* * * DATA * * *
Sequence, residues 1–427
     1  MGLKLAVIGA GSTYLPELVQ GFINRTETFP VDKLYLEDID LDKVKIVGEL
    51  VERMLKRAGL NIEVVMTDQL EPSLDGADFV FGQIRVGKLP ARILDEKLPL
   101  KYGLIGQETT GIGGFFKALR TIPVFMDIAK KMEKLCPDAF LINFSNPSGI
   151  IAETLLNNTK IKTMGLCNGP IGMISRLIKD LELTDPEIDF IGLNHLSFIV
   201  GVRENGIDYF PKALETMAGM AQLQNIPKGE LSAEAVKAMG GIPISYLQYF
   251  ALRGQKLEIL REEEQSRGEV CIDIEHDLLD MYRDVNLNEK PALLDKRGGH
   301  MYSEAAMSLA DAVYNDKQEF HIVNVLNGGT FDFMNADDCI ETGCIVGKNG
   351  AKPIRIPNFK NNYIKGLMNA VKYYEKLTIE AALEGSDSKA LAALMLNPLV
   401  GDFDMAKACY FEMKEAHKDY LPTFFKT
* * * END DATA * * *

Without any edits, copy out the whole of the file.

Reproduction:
Sequence, residues 1–427
     1  MGLKLAVIGA GSTYLPELVQ GFINRTETFP VDKLYLEDID LDKVKIVGEL
    51  VERMLKRAGL NIEVVMTDQL EPSLDGADFV FGQIRVGKLP ARILDEKLPL
   101  KYGLIGQETT GIGGFFKALR TIPVFMDIAK KMEKLCPDAF LINFSNPSGI
   151  IAETLLNNTK IKTMGLCNGP IGMISRLIKD LELTDPEIDF IGLNHLSFIV
   201  GVRENGIDYF PKALETMAGM AQLQNIPKGE LSAEAVKAMG GIPISYLQYF
   251  ALRGQKLEIL REEEQSRGEV CIDIEHDLLD MYRDVNLNEK PALLDKRGGH
   301  MYSEAAMSLA DAVYNDKQEF HIVNVLNGGT FDFMNADDCI ETGCIVGKNG
   351  AKPIRIPNFK NNYIKGLMNA VKYYEKLTIE AALEGSDSKA LAALMLNPLV
   401  GDFDMAKACY FEMKEAHKDY LPTFFKT